Defensible/survivable Space is an area around the perimeter of structures or developed areas that are key points of defense/attack against encroaching wildfires or escaping structure fires. The outside limit of this space should be measured from the nearest building and extend outward from 100 to 200 feet.
The defensible/survivable space of each homesite can be divided into three distinct conditions or bands (zones) radiating outward from around the house. Firescaping deals with the management of existing vegetation within the bands (zones), and the addition of ornamental plants with fire-resistant qualities or naturally low fuel volumes.
Zone 1 is the first 5 to 10 feet around the outside walls of the house. Combustible materials in this area are close enough to bring the fire in contact with the building wall, deck, or porch. Planting and landscaping is best limited to very succulent groundcovers, gravel mulches, walkways, and green lawns. Hardscaping is extremely effective in this area.
Zone 2 begins at the perimeter of zone 1 and extends outward about 30 feet. Plants in this zone may be a combination of both native and introduced species. Eliminate ladder fuels, and remove any dead plants or portions of plants that may spread fire. Trees must be widely spaced to prevent crown fires. Shrubs should be low growing, well spaced and preferably with high moisture content. Groundcovers, lawn, or mowed irrigated pastures are also acceptable. Hardscaping is helpful in this zone to reduce fire spread and cut down on the need for maintenance and water. Due to the size and open nature of this area, fire fighters are likely to take a stand here to defend your home.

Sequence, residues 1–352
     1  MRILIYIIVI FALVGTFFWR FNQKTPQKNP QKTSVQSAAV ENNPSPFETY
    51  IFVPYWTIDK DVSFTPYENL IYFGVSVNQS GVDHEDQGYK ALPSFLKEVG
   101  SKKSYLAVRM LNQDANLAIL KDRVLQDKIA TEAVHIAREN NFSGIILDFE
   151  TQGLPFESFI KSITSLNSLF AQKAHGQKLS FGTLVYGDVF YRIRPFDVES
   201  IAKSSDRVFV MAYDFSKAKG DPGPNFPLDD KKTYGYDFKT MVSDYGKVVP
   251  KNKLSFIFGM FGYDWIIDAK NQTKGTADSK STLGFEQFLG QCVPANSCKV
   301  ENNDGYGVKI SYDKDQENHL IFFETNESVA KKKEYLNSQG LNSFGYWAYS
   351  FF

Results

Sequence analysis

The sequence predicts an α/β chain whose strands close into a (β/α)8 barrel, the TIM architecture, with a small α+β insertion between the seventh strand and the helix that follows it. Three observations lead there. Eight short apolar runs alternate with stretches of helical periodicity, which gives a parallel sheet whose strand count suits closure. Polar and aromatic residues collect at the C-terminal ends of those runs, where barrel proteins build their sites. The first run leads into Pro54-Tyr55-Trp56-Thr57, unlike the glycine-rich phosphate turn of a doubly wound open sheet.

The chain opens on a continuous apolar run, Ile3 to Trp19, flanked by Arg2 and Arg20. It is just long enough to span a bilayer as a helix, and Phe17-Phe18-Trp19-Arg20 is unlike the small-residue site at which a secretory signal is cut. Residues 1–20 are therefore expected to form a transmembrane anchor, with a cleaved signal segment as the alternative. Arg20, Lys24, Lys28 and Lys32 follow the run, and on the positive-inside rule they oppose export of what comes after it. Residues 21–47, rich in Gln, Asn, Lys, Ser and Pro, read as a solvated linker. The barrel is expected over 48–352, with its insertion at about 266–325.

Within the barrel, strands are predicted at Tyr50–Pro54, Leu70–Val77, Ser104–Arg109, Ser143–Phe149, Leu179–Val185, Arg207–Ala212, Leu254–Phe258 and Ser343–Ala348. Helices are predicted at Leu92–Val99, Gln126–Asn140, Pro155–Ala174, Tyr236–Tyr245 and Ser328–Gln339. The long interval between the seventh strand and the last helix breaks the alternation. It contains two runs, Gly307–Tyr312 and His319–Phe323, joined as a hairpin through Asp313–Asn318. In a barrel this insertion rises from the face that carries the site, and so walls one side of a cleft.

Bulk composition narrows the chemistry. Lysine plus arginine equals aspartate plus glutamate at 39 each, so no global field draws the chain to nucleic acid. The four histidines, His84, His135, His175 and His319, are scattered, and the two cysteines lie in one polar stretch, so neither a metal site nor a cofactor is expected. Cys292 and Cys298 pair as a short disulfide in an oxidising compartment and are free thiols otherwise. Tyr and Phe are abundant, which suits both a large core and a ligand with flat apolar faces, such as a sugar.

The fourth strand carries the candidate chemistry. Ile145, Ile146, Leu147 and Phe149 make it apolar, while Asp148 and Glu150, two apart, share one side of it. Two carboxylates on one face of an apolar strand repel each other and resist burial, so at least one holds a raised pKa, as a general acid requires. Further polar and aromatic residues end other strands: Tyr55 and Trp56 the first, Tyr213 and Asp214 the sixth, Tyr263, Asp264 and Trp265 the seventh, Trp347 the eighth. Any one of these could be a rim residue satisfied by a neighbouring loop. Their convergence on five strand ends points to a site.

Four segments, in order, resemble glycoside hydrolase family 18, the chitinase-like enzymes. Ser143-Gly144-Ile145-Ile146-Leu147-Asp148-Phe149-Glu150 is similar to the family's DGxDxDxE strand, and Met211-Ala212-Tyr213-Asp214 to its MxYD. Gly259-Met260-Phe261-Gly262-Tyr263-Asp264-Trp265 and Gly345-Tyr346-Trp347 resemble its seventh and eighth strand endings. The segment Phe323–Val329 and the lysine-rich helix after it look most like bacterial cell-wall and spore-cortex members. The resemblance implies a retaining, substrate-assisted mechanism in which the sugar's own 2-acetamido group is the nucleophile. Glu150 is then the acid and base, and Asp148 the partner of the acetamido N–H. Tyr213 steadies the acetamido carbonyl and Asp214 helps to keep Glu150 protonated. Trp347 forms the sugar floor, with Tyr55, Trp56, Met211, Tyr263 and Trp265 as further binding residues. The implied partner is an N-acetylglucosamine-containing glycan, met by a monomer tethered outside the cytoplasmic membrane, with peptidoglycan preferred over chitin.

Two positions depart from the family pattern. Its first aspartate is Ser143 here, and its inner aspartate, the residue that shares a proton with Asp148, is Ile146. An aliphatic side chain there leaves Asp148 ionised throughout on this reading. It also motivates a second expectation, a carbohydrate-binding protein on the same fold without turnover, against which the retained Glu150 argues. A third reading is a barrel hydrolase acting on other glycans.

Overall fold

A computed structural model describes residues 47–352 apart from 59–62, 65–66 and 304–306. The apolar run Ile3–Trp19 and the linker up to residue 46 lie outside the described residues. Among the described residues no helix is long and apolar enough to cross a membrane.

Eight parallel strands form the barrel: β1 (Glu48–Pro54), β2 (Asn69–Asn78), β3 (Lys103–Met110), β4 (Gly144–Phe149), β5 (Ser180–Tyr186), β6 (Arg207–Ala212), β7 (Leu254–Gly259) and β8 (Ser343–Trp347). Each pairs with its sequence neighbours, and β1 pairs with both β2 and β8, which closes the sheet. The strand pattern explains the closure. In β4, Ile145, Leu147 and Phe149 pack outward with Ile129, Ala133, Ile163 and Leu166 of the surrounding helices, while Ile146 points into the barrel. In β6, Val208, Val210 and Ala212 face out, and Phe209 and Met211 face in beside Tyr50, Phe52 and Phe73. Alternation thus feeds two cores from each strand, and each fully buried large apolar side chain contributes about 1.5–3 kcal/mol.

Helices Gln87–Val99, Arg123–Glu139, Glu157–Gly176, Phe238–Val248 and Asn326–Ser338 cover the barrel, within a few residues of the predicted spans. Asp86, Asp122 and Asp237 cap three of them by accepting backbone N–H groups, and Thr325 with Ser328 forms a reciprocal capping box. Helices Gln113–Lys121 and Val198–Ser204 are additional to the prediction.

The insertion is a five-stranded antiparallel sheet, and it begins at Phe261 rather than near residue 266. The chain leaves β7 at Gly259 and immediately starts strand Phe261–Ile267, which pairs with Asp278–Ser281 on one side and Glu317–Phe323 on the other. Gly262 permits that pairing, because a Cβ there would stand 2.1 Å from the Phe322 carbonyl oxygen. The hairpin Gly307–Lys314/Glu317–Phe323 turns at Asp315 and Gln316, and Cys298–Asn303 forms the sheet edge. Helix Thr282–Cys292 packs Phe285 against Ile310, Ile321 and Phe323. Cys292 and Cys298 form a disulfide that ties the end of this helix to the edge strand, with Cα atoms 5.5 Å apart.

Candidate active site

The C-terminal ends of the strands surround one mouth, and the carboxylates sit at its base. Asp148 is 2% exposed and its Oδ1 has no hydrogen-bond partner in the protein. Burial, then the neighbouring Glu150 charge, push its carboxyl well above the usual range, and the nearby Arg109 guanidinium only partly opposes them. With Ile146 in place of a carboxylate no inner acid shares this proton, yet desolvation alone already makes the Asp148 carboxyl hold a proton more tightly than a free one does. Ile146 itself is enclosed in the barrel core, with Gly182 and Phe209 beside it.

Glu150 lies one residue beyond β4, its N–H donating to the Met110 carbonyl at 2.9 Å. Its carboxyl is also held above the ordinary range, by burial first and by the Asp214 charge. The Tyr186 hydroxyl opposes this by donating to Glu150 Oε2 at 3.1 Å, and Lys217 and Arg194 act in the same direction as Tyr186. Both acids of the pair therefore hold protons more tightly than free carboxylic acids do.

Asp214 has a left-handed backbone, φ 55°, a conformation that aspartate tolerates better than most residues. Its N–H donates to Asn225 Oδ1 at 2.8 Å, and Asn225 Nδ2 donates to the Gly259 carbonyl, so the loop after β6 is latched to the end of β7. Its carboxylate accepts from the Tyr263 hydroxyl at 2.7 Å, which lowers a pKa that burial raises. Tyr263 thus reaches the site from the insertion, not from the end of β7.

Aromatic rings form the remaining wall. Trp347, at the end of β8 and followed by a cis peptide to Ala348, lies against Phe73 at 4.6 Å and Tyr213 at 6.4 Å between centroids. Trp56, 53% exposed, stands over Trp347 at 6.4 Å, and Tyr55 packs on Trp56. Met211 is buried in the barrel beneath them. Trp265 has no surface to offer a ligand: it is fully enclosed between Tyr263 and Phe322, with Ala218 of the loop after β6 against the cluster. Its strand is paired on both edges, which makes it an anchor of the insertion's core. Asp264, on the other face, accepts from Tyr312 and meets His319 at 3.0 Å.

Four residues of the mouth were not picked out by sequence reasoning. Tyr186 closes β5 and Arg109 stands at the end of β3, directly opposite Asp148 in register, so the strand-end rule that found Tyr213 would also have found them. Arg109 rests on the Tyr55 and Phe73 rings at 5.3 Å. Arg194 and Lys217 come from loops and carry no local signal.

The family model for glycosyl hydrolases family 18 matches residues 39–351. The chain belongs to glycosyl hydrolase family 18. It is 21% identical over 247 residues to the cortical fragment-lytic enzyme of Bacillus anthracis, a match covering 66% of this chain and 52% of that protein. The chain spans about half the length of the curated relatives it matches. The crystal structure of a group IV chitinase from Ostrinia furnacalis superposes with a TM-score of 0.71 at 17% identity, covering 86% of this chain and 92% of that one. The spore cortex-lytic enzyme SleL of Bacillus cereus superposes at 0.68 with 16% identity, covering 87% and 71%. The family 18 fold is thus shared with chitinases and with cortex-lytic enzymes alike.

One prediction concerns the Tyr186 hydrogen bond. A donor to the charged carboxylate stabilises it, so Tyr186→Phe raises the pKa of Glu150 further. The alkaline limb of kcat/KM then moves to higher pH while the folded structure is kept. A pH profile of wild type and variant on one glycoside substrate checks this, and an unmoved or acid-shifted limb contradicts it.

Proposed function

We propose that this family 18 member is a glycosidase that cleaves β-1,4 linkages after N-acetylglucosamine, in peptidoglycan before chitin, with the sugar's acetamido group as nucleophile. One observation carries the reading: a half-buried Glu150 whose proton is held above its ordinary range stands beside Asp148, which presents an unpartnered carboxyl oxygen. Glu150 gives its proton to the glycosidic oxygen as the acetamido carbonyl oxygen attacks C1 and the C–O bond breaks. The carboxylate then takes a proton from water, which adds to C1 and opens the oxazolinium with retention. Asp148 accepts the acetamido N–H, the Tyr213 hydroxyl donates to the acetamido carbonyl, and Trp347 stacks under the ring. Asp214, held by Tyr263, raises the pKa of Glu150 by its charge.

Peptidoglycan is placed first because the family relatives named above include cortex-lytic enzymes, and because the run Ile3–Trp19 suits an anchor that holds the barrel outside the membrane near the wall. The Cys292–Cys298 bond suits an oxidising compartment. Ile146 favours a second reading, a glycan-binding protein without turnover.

Zone 3 includes natural vegetation that has been modified to reduce available fuel volumes. The width of this band extends to the limit of the defensible space required according to topography - Minimally 70' but my extend out 200'. The goal is to thin out overcrowded plants, eliminate ladder fuels, and remove any dead plants or portions of plants that may spread fire.
Species selection and maintenance practices used to make trees more healthy and beautiful also make them more fire safe. All plants are fuel, but the following practices make them less accessible to fire:
Select species and varieties that are fire resistant:
Increase fuel moisture:
Maintain plant health and vigor:
Disrupt the horizontal and vertical continuity of shrub and tree fuels:
Some of the above information from Ray Moritz, Fire Ecologist/Urban "Forester Fire Resistant Trees & Shrubs"
Numerous property owners use vegetation "hedges" for privacy screening.
Screening with flammable vegetation is not an acceptable practice!
Hedges/screening can be hazardous in several ways:
Strongly consider screening with walls or fireproof fences
Select fire resistant species and varieties
Information regarding "Firewise Privacy Screens" was taken from:"FireSafe Marin", Ray Moritz, Fire Ecologist/Urban Forester.
NOTE: All plants are fuel and flammable to varying degrees. The evidence for fire resistance of selected species is largely anecdotal. Many factors influence flammability and fire hazard. More plants mean more fuel and greater hazard!
UTILITY HAZARDS: Landscaping under utility lines! Make sure you are not planting trees or other vegetation, which when mature will have a height greater than 25 feet. Consult with your local utility company.